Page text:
Harvey Mudd stated that “[t]his transition will provide additional time for everyone to return to Claremont, particularly those students who face challenges getting approval for travel visas or those who test positive for COVID-19 and need to isolate before their return to campus. As was the case last fall, students should anticipate restrictions on social gatherings for the first few weeks of the semester. The Student COVID-19 Advisory Board will meet to discuss these social guidelines and communicate them with students before move-in. Students will be expected to test regularly as we did during the fall semester. Additional information on our isolation and quarantine procedures will be sent soon from Dean Marco.”

While the other members of the Claremont Consortium (Pomona College and Claremont McKenna College) have not yet released their official policies for the start of the spring semester, it is expected that they will follow the same guidelines laid out by Scripps, Pitzer, and Harvey Mudd.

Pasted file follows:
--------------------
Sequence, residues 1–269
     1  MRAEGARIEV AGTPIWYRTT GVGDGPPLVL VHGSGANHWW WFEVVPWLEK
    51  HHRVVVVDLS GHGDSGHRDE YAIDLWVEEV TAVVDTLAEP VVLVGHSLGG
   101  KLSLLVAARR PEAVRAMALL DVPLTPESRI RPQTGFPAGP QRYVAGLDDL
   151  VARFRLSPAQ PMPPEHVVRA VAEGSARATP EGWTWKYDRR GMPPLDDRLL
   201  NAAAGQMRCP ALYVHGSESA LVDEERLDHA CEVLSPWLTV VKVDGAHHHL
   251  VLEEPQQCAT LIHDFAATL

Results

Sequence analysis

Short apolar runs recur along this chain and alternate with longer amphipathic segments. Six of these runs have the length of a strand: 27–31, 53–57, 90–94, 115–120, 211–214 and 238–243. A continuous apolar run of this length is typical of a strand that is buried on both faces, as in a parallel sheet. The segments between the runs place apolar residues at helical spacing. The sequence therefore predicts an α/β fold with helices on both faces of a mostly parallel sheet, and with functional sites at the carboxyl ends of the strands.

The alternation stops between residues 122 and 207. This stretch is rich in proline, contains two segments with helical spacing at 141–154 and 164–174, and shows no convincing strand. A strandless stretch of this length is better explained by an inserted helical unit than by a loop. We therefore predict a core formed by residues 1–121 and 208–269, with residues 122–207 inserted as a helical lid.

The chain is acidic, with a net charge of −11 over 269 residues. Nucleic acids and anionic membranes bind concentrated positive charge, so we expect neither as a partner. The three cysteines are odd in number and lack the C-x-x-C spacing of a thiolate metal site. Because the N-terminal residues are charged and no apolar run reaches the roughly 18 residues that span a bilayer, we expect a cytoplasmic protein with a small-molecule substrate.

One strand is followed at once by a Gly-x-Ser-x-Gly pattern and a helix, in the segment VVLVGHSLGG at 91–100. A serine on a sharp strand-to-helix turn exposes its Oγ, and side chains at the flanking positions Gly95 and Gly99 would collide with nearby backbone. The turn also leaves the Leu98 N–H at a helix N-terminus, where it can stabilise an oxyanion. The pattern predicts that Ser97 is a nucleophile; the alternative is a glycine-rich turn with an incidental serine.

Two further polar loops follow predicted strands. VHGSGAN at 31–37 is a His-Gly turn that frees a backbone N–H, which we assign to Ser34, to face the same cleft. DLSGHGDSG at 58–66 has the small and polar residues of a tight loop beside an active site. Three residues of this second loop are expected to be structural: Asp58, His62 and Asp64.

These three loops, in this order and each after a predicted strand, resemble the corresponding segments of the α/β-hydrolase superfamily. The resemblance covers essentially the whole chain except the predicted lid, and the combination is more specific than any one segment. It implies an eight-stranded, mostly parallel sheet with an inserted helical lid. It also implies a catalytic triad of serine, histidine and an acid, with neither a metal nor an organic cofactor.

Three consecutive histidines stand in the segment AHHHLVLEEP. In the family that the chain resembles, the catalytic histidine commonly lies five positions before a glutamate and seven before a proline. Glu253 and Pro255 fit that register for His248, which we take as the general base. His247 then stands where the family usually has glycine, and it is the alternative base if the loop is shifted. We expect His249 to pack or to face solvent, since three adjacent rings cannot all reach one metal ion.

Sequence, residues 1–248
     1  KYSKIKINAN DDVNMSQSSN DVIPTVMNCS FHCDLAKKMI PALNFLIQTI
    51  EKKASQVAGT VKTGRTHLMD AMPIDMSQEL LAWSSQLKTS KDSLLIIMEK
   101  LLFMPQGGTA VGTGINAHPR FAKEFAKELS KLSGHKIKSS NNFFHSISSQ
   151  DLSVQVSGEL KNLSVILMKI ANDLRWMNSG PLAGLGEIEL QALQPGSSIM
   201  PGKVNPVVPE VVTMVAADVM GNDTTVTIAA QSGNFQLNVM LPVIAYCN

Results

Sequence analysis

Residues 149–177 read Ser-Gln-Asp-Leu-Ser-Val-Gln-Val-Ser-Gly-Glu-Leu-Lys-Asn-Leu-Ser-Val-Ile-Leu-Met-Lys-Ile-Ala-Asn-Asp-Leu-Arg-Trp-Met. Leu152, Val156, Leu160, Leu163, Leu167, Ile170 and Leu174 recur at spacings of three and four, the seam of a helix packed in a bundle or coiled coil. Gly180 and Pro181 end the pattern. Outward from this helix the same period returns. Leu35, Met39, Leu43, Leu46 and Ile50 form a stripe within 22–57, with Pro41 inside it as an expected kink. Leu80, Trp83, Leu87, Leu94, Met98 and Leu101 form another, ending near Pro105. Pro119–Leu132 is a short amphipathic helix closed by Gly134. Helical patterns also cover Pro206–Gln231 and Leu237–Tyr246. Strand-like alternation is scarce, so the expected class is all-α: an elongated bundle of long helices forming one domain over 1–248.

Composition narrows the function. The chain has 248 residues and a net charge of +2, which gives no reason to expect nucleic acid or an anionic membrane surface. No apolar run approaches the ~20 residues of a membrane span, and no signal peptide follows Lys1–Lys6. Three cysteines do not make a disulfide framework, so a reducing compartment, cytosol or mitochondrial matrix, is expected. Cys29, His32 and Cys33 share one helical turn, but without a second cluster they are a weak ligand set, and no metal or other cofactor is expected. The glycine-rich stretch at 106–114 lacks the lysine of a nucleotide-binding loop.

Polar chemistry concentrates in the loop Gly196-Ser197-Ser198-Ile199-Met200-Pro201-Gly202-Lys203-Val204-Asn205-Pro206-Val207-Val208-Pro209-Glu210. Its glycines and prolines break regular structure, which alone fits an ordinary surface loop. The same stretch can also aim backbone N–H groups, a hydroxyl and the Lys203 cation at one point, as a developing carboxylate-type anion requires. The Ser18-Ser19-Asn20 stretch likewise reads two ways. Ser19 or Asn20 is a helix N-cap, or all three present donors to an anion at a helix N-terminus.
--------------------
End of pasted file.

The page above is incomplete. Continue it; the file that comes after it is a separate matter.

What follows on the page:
This evening, Pomona College sent an email to students explaining its plans to move classes online for the first two weeks of the spring semester. Pomona is asking students “to arrive on campus with proof of a negative PCR test for COVID-19 taken at most 48 hours before arrival. All students will be required to be tested as instructed once they arrive on campus. Details on providing pre-travel negative test results and campus testing clinic hours will be shared in the days ahead, and required testing will continue through the spring semester. Residence halls will reopen as scheduled and we will maintain our academic calendar with classes starting January 18. We recognize the vital importance of on-campus education, and we believe in our students and our academic mission.”